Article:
SINGAPORE: In a post on the NUSWhispers Facebook page, a groom stated that they had planned to hold a ROM ceremony for their wedding, host a dinner for their immediate family members, and then go on honeymoon. 

“However, her parents are not so keen on this simple arrangement and would prefer a traditional approach to it. Her parents require guodali, (including sidianjin of gold – not able to accept rose gold as an alternative), wedding banquet, gate crashing, tea ceremony, and picking of the bride,” the groom wrote on Tuesday (Feb 20).

Couple want simple wedding, but bride’s parents insists they follow traditions and include “wedding banquet, guodali, tea ceremony, and picking of the bride”

He also added that when they asked her parents what those events were for, they could not provide significance or rationale. Instead, her parents simply told them they ‘had to do the traditions,’ citing hearsay from ‘this auntie and that uncle.’

While they have no financial difficulties and can afford everything, the groom said they would much rather spend the money on something meaningful, such as their future child and upcoming BTO.

“All our plans are currently on hold, and we are unable to progress any further. We understand that it is us who are getting married and we should do whatever makes us happy, but [we] do not want to sour the relationship with parents.

We also do not want to do the whole traditional way as it is meaningless to us if it doesn’t feel like it is our wedding and inviting guests that we don’t even have close bonds with (aunties that ask us every year if we are still working at company A and every year we say we are at company B),” the groom explained.

Desperate for a solution, the groom asked, “What should be the balanced approach?”

“As a compromise, just pick some and do them”

In the comments section, many quickly gave their two cents on the matter.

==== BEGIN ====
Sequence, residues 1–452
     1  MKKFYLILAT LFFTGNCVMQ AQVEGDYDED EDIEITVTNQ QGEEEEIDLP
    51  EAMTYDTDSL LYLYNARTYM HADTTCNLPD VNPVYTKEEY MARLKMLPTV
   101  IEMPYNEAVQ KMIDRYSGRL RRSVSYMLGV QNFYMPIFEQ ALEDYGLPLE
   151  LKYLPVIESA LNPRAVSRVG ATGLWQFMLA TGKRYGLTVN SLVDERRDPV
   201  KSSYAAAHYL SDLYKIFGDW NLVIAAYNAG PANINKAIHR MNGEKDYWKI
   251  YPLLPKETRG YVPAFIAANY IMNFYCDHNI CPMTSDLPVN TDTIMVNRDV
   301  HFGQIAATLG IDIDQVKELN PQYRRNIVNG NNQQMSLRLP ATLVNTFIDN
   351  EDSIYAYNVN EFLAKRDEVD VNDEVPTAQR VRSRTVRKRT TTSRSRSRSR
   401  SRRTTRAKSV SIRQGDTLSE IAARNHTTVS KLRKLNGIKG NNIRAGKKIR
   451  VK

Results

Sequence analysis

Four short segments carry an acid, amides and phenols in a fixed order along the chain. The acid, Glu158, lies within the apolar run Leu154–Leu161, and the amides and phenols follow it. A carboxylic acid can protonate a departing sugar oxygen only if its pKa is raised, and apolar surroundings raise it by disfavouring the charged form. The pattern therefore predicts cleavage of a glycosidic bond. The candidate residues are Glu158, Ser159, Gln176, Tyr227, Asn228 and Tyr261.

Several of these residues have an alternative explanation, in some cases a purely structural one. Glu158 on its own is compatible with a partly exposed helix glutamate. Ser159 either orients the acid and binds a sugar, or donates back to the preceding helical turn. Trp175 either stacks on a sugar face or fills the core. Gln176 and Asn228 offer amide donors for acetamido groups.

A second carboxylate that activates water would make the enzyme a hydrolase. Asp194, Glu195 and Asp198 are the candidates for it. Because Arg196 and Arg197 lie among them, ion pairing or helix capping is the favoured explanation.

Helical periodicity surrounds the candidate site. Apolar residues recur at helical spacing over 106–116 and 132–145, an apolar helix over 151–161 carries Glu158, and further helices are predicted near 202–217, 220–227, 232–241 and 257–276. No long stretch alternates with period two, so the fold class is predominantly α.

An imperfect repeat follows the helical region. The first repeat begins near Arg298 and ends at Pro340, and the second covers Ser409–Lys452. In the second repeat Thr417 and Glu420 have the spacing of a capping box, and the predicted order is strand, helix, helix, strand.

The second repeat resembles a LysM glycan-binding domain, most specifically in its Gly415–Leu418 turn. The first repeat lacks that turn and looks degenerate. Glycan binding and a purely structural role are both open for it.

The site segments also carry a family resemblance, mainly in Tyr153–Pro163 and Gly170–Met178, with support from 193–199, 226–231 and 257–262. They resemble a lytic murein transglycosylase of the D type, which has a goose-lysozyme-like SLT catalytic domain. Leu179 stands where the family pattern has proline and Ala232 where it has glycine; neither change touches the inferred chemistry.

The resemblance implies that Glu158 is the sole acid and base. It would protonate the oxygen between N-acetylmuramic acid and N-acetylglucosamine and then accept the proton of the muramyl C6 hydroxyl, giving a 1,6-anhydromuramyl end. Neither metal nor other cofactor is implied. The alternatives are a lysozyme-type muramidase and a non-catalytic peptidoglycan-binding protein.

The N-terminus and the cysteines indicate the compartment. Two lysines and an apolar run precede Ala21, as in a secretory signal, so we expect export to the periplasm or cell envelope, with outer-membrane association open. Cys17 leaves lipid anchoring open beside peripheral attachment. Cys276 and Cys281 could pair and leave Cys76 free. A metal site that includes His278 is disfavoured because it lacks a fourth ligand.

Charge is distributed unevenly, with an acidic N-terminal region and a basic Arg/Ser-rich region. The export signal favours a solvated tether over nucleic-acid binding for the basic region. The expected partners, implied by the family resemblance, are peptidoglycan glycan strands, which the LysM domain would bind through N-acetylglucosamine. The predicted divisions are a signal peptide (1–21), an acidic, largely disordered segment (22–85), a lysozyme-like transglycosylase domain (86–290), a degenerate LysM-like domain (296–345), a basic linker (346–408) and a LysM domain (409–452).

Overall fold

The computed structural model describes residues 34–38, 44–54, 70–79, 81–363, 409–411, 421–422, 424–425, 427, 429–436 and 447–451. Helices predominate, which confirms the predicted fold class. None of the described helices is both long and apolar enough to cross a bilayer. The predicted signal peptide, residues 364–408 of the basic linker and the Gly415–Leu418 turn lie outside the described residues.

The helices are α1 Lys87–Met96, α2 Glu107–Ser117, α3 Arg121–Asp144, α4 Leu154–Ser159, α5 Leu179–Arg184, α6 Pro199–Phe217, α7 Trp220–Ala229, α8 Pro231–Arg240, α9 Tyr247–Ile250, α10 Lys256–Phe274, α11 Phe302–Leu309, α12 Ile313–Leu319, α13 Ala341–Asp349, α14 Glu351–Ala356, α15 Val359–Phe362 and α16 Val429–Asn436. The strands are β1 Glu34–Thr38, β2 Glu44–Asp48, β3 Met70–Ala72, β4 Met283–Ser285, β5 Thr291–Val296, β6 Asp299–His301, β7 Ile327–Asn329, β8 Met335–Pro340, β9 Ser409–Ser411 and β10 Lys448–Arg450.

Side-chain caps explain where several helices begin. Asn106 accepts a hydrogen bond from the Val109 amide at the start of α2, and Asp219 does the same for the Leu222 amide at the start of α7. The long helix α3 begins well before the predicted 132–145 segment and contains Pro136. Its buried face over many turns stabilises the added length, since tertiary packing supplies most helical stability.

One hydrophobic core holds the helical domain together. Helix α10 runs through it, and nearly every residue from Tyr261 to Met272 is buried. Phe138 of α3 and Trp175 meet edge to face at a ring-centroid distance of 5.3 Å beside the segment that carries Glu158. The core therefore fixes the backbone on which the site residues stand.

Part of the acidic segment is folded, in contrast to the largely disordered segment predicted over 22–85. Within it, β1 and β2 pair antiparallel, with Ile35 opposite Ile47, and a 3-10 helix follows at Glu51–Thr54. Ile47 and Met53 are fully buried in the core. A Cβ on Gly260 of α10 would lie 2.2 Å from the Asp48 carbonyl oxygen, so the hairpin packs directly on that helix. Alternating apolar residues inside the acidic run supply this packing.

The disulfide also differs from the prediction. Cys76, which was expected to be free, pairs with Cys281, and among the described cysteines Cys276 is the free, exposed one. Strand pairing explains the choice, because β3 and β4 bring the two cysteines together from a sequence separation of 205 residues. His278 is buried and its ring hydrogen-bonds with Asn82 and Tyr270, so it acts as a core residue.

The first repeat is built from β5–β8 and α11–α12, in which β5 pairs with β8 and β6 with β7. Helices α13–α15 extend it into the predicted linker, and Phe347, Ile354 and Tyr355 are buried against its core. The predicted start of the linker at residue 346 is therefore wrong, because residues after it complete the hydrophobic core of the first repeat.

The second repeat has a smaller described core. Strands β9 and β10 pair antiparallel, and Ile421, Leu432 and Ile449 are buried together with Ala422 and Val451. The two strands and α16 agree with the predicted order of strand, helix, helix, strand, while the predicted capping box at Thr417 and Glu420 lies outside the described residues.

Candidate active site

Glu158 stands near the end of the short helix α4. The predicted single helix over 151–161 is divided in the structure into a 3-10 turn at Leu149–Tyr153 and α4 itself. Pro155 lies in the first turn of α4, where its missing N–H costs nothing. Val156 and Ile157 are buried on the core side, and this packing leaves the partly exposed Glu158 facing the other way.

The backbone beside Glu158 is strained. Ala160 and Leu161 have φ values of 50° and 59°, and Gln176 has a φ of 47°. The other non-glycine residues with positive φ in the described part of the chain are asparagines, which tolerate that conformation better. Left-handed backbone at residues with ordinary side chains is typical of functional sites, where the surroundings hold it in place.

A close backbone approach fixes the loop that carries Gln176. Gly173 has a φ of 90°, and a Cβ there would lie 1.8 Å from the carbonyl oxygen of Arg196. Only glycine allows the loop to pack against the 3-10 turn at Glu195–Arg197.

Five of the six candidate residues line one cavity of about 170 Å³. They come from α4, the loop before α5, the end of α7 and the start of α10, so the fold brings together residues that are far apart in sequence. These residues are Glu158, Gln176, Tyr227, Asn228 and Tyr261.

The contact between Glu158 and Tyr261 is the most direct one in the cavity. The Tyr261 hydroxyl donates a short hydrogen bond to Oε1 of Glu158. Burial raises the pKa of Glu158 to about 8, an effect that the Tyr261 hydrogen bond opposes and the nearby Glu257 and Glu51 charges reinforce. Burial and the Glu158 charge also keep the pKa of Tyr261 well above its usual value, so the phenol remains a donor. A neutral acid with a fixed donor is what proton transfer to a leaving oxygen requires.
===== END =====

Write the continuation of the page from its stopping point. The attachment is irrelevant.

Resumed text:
One individual in particular proposed that the couple should simply compromise to satisfy both parties.

“Just pick some and do them. For example, agree with guodali, but no banquet and gatecrashing. This means that both parties have compromised and is the best way out instead of my way or the highway.

The world is about relationships. Workplaces, families, it’s all the same. It’s never about us only. Both parties compromising is the fairest way out.”

The majority of individuals, however, disagreed and advised the groom to carry out their original plan. They stated that even if their parents are money-minded or simply want to save face from relatives’ questions, they will eventually come around and understand them in the future.

One individual added, “Don’t worry about souring relationships; it’s them who are souring it by insisting on their wants for your wedding. Just because they brought you up doesn’t mean they get to dictate how you want to wed. Don’t waste time being unhappy doing things that don’t even make sense to you just for the sake of others.”

Others also advised the groom to let his fiancé speak with her own parents and persuade them of their wedding preferences.

Meanwhile, a few individuals interjected and disagreed with the majority, stating that he should respect their wishes as he is marrying their daughter.

One individual said, “If the traditions are important to her parents, I feel you should follow.”

Earlier this year, YouTube host Ong Jia Yang of The Smart Local’s Hot Take, revealed that wedding costs have increased as much as tenfold over the years.

“Last time, you know, aunties and uncles told us that they’d just spent like about $4,000 on their weddings. But nowadays, we’re spending about $40,000 on our weddings,” Ong said. “But I think, you know, that’s normal because of inflation, correct?”

Read more: “How much you spend on your wedding?” — $4K or $40K? Is it worth breaking the bank for?